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Think about what you’ll have to show for it if you start saving for retirement now and … Read the rest of this entry »
Does your employer have a 401K or 403(b) retirement savings plan with a company match? If so, read on to find about the FREE money you may be missing. Read the rest of this entry »
When you’re in the planning mode, be sure to think about the things that could keep you from reaching your goal and what you can do to head off those problems.
If you decided to save money by taking your lunch to work one day a week, you might forget to make it the night before or forget to get it out of the refrigerator when you’re leaving the house. With the automation available today, this kind of problem can easily be avoided.
First, plan to take your lunch on the same day every week. Monday is a good choice because you can make your lunch after dinner on Sunday night. Next, put a repeating note on your electronic calendar to pack your lunch every Sunday night at 7 pm. Put another repeating note on your electronic calendar for 7:00 am each Monday to get your lunch out of the refrigerator before you leave home. Be sure and set the electronic reminder for each note so you will receive an email or an SMS message on your phone when it is time for you to make or get your lunch. Once you’ve set these electronic reminders, you can forget about your lunch project until you receive the automatic reminders.
Now, suppose you have decided to call your cellphone company and your cable company to switch to lower cost plans. How do you make sure you don’t forget to do these things? The answer is to “make an appointment with yourself” to call these companies. You can do this by putting the appointment on your electronic calendar along with an electronic alert that will remind you about the appointment 15 minutes ahead of time. Save yourself some time by including in your calendar note the phone numbers of the companies you need to call and the account numbers and other information you will need to make the calls go quickly and smoothly.
One of the most powerful things you can do to keep your savings plan on track is to have your bank automatically transfer a certain amount of money from your checking account to your savings account each week. This is easy to do online if you have both accounts in the same bank. But, it’s not that hard to do the same thing when the accounts are in two different banks and I will explain that in a future post. The key point is to have a plan that will keep you from forgetting to make regular deposits to your savings account. A very good solution is to set up an automatic deposit and then forget it.
The planning process gives you a chance to think about things you could do to reach your goal. Continuing with the emergency fund example, if your weekly grocery bill is $100, you could plan to cut that bill by 10% or $10 a week using tips like those described in the following post: http://wp.me/p1gAhb-4m. If you normally buy your lunch, you could probably save at least $10 a week by making your lunch at home and taking it with you to work one day a week. (Dinner leftovers make great lunches a day or two later.) At this point, you have a plan that will get you halfway to your savings goal of $42 per week . You can close the gap by another $10 per week by planning to switch your cellphone or smartphone to a lower cost plan. Most people are paying $12 a week more than should be because they are paying for more minutes than they are using. Source: http://news.cnet.com/8301-1035_3-20055380-94.html. Now, you’re just $10 a week away from your savings goal of $42 per week. You can close this last little distance by planning to switch to a lower cost cable TV package — e.g., by cutting one or more of the premium channel you don’t use very much. Here are some more tips for reducing your cable TV bill: http://www.smartmoney.com/spend/family-money/how-to-cut-your-cable-bill-now/.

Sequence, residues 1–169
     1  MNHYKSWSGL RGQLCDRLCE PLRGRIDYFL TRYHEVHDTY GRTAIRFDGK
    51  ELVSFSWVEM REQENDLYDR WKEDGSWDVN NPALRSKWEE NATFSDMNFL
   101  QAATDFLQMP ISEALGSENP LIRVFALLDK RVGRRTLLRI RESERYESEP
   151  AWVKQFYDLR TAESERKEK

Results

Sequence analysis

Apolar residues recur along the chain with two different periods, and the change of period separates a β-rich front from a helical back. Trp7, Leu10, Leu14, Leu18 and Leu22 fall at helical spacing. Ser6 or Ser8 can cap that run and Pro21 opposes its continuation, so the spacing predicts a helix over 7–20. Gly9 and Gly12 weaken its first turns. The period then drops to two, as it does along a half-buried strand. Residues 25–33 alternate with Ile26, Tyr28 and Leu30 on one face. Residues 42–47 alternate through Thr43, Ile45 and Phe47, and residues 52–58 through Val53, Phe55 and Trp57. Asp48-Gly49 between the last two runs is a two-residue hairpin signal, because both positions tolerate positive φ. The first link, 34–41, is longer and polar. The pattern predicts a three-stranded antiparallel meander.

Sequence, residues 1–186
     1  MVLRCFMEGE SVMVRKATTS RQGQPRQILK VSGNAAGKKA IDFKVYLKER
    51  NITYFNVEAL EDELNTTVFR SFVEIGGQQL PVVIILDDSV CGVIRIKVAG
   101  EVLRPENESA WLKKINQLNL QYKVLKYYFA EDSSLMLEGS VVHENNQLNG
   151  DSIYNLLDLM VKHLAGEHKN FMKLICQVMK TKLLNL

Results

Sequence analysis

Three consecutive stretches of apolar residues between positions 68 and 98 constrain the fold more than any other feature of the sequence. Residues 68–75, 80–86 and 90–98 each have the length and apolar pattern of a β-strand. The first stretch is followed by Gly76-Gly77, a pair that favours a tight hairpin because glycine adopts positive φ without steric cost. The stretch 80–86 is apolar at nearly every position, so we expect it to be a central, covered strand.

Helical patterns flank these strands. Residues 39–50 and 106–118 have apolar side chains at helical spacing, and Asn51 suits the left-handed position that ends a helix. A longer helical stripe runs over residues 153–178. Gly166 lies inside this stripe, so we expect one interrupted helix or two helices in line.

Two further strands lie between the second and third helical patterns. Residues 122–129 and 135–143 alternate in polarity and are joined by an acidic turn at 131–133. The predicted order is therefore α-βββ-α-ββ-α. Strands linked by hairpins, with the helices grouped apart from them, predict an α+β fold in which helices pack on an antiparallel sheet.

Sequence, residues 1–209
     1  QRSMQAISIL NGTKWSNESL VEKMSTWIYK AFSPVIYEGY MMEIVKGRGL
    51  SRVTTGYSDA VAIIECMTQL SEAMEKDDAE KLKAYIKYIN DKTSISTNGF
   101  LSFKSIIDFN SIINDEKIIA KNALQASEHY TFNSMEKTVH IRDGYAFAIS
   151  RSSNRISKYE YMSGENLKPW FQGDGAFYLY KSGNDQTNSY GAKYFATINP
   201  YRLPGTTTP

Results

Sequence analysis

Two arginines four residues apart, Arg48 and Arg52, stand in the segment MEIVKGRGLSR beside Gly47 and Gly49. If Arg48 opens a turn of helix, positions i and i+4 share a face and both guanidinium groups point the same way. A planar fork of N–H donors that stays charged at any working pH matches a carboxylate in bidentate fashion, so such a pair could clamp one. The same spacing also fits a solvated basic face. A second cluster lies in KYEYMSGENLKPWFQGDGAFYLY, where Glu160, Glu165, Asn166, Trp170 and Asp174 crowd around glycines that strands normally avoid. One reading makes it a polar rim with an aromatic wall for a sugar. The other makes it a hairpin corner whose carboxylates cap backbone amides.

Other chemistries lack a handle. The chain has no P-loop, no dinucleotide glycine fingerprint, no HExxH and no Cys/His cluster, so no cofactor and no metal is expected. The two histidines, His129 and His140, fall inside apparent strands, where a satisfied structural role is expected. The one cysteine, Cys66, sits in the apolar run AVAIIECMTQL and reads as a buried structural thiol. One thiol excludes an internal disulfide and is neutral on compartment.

At the beginning of the planning process, you should set a goal for yourself and start thinking about the steps you can take to reach your goal. If the goal is too big (e.g., become a millionaire) or too hazy (e.g., get rich quick), you will figure it out very quickly because it will be hard for you to come up with actions you can take to get there or the necessary actions will be very difficult and very scary. This will force you to select a very specific goal (e.g., create a $2,000 emergency fund in 12 months) which can be achieved with a series of small changes in your life (e.g., saving $42 per week for next 12 months). This simple exercise will dramatically increase your chances of success by giving you a clear and reasonable goal that can be reached in a series of small steps.
When you’re in the mood to work on your personal finances, it is tempting to just dive in and start swimming. Doing something … anything … gives us a sense of satisfaction and accomplishment even if we aren’t getting anywhere or we’re going somewhere that doesn’t matter. This is an example of mistaking “motion” for “movement.” If you want to make real progress with your finances, you need to plan before you act and make planning a regular part of your routine. You also need to give yourself a pat on the back for making a plan because having one is a very important steps on the road to financial security. Stay tuned for future posts describing the great things a plan will do for you.